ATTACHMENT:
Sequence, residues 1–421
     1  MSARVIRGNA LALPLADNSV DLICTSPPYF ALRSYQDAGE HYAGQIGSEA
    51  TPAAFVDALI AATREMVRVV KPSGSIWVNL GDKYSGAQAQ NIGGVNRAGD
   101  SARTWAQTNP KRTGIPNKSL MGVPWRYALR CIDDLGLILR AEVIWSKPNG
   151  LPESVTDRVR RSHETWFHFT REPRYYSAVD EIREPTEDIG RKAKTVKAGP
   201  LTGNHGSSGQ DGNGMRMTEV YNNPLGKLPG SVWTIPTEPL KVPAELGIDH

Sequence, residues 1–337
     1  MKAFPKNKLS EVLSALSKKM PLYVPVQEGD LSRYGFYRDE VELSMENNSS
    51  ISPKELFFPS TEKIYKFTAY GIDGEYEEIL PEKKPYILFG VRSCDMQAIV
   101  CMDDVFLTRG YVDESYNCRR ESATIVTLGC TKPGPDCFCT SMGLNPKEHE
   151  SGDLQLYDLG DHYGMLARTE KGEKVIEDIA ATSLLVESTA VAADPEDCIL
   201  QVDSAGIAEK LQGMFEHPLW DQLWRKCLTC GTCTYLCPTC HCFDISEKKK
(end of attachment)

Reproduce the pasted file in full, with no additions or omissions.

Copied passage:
Sequence, residues 1–421
     1  MSARVIRGNA LALPLADNSV DLICTSPPYF ALRSYQDAGE HYAGQIGSEA
    51  TPAAFVDALI AATREMVRVV KPSGSIWVNL GDKYSGAQAQ NIGGVNRAGD
   101  SARTWAQTNP KRTGIPNKSL MGVPWRYALR CIDDLGLILR AEVIWSKPNG
   151  LPESVTDRVR RSHETWFHFT REPRYYSAVD EIREPTEDIG RKAKTVKAGP
   201  LTGNHGSSGQ DGNGMRMTEV YNNPLGKLPG SVWTIPTEPL KVPAELGIDH

Sequence, residues 1–337
     1  MKAFPKNKLS EVLSALSKKM PLYVPVQEGD LSRYGFYRDE VELSMENNSS
    51  ISPKELFFPS TEKIYKFTAY GIDGEYEEIL PEKKPYILFG VRSCDMQAIV
   101  CMDDVFLTRG YVDESYNCRR ESATIVTLGC TKPGPDCFCT SMGLNPKEHE
   151  SGDLQLYDLG DHYGMLARTE KGEKVIEDIA ATSLLVESTA VAADPEDCIL
   201  QVDSAGIAEK LQGMFEHPLW DQLWRKCLTC GTCTYLCPTC HCFDISEKKK